You cannot separate a university from its pet, the two are intrinsically and irreversibly connected. The generally cute, sometimes weird, but always iconic creatures that can be seen roaming the margins of any college football game at any given time. They are often animals, usually in costumes and sometimes animal costumes. They embody the history, traditions and values of the school they represent and can lead crowds of passionate alumni to their unwavering defense on countless sporting grounds. There are tons of them, thousands if you consider all the universities, community colleges, high schools, and even professional teams, but the most passionate of all are college mascots. Some origins are obvious, but many have some pretty interesting stories behind them. Here are some.
From the “what were they thinking?” category we proudly present to you Brutus Buckeye, Ohio State Buckeyes. Brutus has a big round head that looks like one of those Little Debbie chocolate brownie things, you probably have no real idea what it’s supposed to be. Here’s the kicker, the horse chestnut is a tree that grows in the Ohio region, and the term “horse chestnut” was a reference to the pioneers who originally settled in the area. Brutus is said to resemble the nut of a Buckeye tree, said to be the keyword, but whatever the case, he is a very unique pet with quite a bit of history.
If you live in the South, you’ve probably heard the phrase “tide, roll,” it’s “Crimson Tide” from the University of Alabama. What more would you associate with rising ocean tides than an elephant? Why not? We give you “Big Al”, the mascot behind the famous and legendary University of Alabama.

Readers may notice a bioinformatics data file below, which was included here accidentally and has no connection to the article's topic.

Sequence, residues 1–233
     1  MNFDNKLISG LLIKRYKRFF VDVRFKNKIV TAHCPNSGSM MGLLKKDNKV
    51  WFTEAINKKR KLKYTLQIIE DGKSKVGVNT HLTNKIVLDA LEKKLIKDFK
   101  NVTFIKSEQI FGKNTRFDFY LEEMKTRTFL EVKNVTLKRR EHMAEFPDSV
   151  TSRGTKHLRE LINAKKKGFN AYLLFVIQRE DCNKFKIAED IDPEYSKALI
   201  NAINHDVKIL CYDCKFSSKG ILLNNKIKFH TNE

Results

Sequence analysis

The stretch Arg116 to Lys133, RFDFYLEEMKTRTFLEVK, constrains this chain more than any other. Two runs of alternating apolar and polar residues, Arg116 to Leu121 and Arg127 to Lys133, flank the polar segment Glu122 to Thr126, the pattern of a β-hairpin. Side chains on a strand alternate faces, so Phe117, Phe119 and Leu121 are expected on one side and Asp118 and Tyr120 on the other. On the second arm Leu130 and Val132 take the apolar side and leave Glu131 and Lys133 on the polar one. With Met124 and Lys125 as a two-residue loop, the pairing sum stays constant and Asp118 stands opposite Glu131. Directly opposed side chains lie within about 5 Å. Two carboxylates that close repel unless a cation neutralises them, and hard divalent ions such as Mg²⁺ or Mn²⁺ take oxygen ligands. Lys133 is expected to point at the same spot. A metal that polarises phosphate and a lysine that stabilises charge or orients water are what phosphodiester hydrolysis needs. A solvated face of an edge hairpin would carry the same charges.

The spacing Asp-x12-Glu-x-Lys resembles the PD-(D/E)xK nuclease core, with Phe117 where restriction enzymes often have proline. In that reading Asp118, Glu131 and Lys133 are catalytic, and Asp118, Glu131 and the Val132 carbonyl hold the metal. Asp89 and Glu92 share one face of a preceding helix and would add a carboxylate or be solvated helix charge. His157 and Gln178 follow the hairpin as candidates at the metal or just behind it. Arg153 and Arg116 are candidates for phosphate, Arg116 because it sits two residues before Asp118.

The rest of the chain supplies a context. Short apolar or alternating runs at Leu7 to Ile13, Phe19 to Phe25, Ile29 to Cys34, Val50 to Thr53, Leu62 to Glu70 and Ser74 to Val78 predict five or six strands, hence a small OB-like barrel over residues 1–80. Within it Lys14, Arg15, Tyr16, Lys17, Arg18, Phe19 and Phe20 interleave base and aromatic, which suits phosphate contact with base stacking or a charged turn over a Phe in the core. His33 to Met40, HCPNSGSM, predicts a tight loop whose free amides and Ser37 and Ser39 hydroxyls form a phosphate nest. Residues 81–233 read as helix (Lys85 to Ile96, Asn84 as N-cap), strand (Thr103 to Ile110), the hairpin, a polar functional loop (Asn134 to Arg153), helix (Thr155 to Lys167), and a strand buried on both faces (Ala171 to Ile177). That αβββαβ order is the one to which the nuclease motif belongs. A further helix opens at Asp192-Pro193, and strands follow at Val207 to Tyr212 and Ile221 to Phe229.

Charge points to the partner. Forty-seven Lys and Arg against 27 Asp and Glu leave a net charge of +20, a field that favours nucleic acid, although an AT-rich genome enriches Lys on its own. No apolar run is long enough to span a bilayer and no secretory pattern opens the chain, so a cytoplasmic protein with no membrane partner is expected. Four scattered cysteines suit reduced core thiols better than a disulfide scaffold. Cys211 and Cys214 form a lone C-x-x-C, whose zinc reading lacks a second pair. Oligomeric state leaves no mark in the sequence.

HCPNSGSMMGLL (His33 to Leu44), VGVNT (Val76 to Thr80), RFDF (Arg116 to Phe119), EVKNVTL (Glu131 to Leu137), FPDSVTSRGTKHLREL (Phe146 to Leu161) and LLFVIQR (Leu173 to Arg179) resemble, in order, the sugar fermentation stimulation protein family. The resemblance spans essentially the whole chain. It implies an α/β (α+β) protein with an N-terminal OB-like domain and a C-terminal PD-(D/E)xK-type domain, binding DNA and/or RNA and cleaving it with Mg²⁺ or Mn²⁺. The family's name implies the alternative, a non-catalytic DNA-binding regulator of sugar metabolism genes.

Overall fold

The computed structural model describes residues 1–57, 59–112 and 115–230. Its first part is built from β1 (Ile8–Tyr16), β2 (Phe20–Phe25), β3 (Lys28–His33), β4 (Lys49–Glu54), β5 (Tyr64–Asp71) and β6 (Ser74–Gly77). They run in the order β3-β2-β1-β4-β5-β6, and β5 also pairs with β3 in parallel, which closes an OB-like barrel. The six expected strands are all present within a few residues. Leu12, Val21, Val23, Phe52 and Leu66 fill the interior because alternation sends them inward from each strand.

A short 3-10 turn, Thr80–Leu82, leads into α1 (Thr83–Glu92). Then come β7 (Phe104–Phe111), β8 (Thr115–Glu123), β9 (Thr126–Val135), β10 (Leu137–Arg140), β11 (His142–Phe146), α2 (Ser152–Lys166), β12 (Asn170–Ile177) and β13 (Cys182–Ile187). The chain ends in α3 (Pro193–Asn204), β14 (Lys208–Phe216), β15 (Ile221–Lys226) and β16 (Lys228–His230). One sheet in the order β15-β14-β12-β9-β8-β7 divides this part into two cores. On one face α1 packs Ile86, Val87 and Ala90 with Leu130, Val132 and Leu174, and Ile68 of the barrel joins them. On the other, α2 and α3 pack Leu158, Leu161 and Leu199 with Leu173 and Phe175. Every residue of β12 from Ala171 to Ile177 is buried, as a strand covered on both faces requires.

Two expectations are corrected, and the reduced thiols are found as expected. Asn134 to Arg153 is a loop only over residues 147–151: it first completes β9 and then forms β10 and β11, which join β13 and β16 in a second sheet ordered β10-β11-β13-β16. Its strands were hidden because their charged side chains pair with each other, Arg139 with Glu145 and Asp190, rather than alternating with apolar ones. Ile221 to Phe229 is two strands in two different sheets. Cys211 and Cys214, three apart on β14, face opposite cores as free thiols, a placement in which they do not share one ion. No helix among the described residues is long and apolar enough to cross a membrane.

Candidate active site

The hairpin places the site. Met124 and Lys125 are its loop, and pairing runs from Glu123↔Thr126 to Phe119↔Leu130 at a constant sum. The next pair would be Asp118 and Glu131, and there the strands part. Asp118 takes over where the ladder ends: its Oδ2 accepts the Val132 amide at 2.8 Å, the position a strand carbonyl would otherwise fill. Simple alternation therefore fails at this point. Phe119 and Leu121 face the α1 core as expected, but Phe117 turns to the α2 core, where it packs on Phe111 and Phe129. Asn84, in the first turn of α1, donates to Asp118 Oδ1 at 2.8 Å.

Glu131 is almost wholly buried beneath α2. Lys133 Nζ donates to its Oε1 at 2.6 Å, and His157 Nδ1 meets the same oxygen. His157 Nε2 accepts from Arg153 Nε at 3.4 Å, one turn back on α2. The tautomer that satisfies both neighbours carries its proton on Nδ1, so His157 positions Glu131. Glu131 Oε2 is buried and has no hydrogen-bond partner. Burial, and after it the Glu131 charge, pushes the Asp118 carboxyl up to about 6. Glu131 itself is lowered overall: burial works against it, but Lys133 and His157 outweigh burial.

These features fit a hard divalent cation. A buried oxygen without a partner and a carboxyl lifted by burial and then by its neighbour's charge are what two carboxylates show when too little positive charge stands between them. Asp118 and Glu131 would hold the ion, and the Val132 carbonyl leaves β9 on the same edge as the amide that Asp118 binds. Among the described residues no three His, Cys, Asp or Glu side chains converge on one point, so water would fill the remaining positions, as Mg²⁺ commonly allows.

Its origins date back to the 1930s in a surprisingly simple way. A sports reporter wrote that during one game he heard an Alabama fan yell “hold your horses, elephants are coming,” in reference to the roar of the first team running across the field. The idea of the elephant took root. In the 1960s, Melford Espey Jr. wore an elephant head costume in a game. I’d probably wear a costume if that was my name too. However, Melford later became a school administrator and was asked to create a mascot to represent Tide. They chose the elephant. The students put it to a vote and the best name they came up with was Big Al. Thus a legend was born.
Then there is Bevo from the University of Texas. UT is known as “the long horns” so it is so natural that they use a long horned cow to represent them. Okay, there’s nothing strange about that, but what’s interesting is how it got its name. Originally, “Bevo” was called “Bo” and no one knows for sure why it was changed, but the legend says so. In 1916, Texas archrival Texas A&M beat the Longhorns 13-0. Four A&M students reportedly kidnapped Bevo and scored 13-0 for his side. When UT retrieved it, it was said that the students turned the 13 into the letter “B” and added the “e” and “v” in the middle to make Bevo. While this story has never been proven, it is more interesting than the more recent theory that Bevo is derived from the term “beeve,” which used to describe cattle heading to meat markets. Oh one more thing, the current Bevo is the 14th Longhorn to hold the title.